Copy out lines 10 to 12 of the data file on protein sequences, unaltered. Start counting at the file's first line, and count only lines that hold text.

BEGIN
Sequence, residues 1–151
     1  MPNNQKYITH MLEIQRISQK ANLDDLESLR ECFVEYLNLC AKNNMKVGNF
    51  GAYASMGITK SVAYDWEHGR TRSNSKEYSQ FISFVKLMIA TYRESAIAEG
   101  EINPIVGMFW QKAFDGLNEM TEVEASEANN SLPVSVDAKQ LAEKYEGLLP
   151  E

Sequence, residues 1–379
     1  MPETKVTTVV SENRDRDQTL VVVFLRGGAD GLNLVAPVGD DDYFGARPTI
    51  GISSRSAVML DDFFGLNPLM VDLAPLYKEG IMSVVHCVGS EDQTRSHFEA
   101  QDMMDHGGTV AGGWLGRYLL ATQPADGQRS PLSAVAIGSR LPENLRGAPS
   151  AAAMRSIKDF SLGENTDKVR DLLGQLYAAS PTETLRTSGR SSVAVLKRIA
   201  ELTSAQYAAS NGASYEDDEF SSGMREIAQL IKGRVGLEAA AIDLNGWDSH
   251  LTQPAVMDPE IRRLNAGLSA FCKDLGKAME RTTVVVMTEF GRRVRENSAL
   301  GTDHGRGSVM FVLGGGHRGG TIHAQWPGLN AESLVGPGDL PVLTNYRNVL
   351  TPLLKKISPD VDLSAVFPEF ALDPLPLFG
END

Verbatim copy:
   151  AAAMRSIKDF SLGENTDKVR DLLGQLYAAS PTETLRTSGR SSVAVLKRIA
   201  ELTSAQYAAS NGASYEDDEF SSGMREIAQL IKGRVGLEAA AIDLNGWDSH
   251  LTQPAVMDPE IRRLNAGLSA FCKDLGKAME RTTVVVMTEF GRRVRENSAL